Despite being totally landlocked, Gomel offers swimming and relaxing on the side of its river, the Sozh. I`m not sure how clean the waters are, I didn`t risk it!
Unlike in most of Western Europe, in Belarus you can have a barbeque almost anywhere in the country. Additionally, the country is not as dense with population is most of Western Europe is, so you are more likely to be undisturbed.
On this occasion we visited a Dacha, a village house, and walked out into the countryside to a forest to cook Shaskliks, skewered, marinaded meat kebabs cooked on an open fire. Great!
Favorite Dish: Shashlik!
Karchma Budzma is a new Gomel restaurant offering traditional Belarussian village cuisine. The restaurant is located close to the city center, on Privokzalnaya street, and inside is decorated like a Belarussian village house. The decor is nice and the restaurant is cosy.
Each evening the restaurant also hosts dancers who, sporting traditional Belarussian costumes, dance to old songs to entertain the diners.
The food at Karchma Budzma is good, offering a number of typical Belarussian dishes such as Drianiki, Halubzcy and Babka. Prices are extremely low by Western European standards, and affordable for the locals.
The restaurant is always busy, popular amongst the young locals, but is a must visit location for tourists to Gomel. I recommend making a reservation to prevent disappointment.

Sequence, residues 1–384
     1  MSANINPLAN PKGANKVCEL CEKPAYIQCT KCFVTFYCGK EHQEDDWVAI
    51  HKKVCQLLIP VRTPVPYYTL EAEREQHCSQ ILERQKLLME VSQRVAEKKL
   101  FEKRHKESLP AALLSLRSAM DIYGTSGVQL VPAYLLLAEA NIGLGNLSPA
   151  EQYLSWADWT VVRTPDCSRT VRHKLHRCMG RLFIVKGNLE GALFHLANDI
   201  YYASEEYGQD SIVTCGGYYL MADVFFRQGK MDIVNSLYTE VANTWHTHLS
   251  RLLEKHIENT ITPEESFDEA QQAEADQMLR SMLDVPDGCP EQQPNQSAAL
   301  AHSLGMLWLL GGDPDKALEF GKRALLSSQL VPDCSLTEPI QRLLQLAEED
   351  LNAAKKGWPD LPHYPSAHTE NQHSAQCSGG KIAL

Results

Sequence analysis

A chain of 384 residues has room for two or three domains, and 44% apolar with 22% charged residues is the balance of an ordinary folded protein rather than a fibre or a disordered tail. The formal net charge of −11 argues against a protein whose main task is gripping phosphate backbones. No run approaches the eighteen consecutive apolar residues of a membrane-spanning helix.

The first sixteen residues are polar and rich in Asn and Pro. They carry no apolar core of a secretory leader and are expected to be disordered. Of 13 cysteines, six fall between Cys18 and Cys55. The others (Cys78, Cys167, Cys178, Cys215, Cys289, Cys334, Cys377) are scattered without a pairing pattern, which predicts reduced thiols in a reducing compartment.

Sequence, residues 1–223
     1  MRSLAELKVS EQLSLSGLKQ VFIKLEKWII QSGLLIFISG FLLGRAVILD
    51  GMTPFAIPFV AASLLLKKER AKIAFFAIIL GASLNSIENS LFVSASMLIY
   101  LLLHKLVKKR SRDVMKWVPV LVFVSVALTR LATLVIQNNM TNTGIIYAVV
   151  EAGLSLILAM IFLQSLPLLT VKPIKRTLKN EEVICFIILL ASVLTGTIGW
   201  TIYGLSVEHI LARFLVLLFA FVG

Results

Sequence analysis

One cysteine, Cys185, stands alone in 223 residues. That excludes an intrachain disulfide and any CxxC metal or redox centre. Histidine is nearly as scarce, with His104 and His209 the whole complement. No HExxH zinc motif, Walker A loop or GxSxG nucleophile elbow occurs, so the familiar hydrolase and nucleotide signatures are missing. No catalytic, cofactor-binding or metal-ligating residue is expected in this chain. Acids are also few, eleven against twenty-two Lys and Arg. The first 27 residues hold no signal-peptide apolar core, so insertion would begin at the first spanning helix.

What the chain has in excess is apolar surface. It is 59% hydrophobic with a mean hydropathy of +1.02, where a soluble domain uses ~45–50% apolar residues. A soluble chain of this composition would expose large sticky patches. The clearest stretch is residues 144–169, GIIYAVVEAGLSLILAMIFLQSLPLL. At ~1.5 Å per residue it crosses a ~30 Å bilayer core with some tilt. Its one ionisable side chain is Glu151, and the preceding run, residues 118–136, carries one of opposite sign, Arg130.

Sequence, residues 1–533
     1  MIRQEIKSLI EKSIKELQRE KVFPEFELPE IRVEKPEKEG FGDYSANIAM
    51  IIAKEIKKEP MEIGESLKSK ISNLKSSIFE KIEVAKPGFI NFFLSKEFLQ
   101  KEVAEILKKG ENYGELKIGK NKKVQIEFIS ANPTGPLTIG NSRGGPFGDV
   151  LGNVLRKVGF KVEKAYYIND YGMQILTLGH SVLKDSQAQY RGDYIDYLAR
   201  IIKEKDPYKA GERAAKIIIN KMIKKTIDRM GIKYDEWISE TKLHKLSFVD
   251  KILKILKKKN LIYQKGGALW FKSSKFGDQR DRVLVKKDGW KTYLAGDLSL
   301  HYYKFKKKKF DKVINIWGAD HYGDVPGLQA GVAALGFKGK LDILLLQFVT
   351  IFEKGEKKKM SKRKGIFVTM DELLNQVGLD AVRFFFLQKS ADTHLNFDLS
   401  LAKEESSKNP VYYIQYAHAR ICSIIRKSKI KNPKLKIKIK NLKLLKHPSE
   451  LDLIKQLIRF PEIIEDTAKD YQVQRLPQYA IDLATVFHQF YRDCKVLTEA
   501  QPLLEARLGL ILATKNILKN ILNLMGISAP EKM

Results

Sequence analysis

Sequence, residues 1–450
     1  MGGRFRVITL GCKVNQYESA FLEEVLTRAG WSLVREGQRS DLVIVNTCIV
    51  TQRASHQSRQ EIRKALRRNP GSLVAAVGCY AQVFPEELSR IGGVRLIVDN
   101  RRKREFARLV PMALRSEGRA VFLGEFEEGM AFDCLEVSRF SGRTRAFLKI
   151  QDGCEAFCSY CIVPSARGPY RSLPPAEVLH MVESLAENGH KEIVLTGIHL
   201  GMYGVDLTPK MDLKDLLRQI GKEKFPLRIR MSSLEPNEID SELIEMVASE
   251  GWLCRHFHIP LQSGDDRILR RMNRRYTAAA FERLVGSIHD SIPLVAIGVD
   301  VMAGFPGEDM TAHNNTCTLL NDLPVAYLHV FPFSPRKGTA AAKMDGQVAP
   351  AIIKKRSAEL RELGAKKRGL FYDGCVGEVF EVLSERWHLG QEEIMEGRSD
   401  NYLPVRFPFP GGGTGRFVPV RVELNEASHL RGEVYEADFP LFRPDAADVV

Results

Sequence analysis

Staro Vreme is a new, Soviet style restaurant located close to the city center of Gomel. The restaurant is split into three rooms, each with a different theme. The first area is the bar and smoking section, and the bar is styled like a Soviet trolley bus. Soviet films are played on a projector.
The second part is themed with Soviet era films, scenes of which are depicted on the walls, which are also decorated with hammer and sickles.
The third and last section is decorated in the Soviet village style.
The staff in Staro Vreme are friendly and helpful (and dressed in Soviet school uniforms). The menu offers a very good selection of traditional dishes, including a number of Soviet era specialties from different regions and classes.
Although it is possible to find cheaper cuisine in Gomel, Staro Vreme is very reasonably priced, a 3 course dinner for 5 people, including a bottle of imported wine, cost us 235k BYR or about 65 EUR.
Favorite Dish: I loved the Draniki (potato pancakes) with home made kolbasa (sausages) in a creamy mushroom sauce!
A lot of radioactive fallout from the 1986 Chernobyl accident fell around Gomel (See this MAP). Many areas remain in the countryside which may still carry radioactive particles. Food, particularly short stalked vegetables like mushrooms, and fresh-water fish may carry radioactive particles and pose a danger to life.
Most cultivated food is grown in safe areas and monitored by government policies, although the government recently opened up land for farming which previously was considered contaminated. It is very common for locals to pick mushrooms and fruits in the forests and sell these on the side of the road. Be careful eating foods if you are unsure of their source. This includes both fresh and preserved products.
In market places there are sometimes stations where you can check the radioactivity of your goods.